The Health News – 29 March 2017

Overview:
• According to NSW Ambulance, 142 women delivered their babies with the assistance of a call taker, while paramedics made it in time to complete 84 deliveries. Call taker Chris Lewis said while it might seem daunting for mothers to deliver a baby outside the safety of a hospital, call takers were highly skilled and could help guide those who went into labour suddenly.

• Katherine Hospital in the Northern Territory has gone from one of the worst facilities in the country when it comes to Indigenous health care to one of the best. Their secret: engaging with Indigenous patients and supporting doctors.

• The PAGI program is an Australian-first and will use machine learning and artificial intelligence to uncover unprecedented insights from genomic and clinical information. It aims to set the intellectual and technological framework for a new way of thinking in medical research, in healthcare and in health systems management. It also aims to usher in an era in which big data and its analysis transform our understanding of human biology and disease.

News on Health Professional Radio. Today is the  29th of March 2017. Read by Rebecca Foster. Health News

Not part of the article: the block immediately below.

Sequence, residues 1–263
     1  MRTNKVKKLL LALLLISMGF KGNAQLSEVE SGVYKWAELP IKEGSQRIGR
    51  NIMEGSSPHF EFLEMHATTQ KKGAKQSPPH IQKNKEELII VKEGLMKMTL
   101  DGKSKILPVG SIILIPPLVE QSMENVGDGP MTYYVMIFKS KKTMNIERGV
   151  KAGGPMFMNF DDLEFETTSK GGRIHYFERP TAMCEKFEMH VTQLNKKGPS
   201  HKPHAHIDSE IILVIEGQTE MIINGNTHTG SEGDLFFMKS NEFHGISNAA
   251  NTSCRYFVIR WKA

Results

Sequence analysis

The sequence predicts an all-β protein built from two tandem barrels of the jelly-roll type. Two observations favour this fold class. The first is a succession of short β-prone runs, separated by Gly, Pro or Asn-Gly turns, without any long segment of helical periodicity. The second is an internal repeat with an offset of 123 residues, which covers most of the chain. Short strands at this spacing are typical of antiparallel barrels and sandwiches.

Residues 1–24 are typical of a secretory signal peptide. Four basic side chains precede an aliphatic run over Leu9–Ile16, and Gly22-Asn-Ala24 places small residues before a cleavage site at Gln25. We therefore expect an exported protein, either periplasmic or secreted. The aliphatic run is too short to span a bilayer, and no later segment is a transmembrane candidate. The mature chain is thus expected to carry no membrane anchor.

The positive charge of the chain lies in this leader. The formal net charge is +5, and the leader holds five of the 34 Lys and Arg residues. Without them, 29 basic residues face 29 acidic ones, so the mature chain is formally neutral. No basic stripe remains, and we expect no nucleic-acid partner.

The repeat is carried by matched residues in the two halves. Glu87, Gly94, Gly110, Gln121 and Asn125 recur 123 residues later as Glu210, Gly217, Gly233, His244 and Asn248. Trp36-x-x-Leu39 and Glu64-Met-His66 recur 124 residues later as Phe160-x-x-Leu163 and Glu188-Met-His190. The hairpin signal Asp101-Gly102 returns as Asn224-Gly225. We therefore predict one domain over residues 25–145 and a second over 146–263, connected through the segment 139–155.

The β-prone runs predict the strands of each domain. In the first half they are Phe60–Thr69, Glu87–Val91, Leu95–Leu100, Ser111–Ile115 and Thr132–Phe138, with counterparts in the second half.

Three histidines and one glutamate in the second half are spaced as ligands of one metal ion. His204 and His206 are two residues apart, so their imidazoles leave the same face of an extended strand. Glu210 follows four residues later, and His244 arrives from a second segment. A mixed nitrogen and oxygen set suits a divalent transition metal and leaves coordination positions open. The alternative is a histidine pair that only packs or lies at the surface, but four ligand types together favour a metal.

http://www.abc.net.au/news/2017-03-28/unexpected-labour-handled-calmly-and-safely-by-nsw-ambulance/8393896

A car wash, a fish and chip shop and a fast-food restaurant.

These are just some of the 320 locations in New South Wales where mothers unexpectedly delivered their babies last year.

According to NSW Ambulance, 142 women delivered their babies with the assistance of a call taker, while paramedics made it in time to complete 84 deliveries.

Monique Jensen, 32, was one of many who gave birth with just a helping voice over the phone.

She was at her Whalan home in western Sydney and her husband was dropping off her young twins at a relative’s home when her water broke.

Ms Jensen’s mother and neighbour came to her aid and called triple-0 but her contractions increased and that was when she knew she would have to rely on the remote guidance of call taker Chris Lewis.

Mr Lewis has delivered 13 babies over his five-year career as a call taker and successfully talked Ms Jensen’s mother and neighbour through the birthing process.

Mr Lewis said while it might seem daunting for mothers to deliver a baby outside the safety of a hospital, call takers were highly skilled and could help guide those who went into labour suddenly.

http://www.abc.net.au/news/2017-03-28/katherine-hospital-from-worst-in-the-country-to-one-of-the-best/8392792

Katherine Hospital in the Northern Territory has gone from one of the worst facilities in the country when it comes to Indigenous health care to one of the best.

Their secret: engaging with Indigenous patients and supporting doctors.

When physician Simon Quilty arrived at the hospital, it was going through a major crisis.

“What had happened in 2010 is that the hospital found itself in a situation where things were falling apart,” he says.

A number of doctors complained to the NT Medical Board about a lack of supervision and the impractical workload. The hospital was on the verge of shutting down.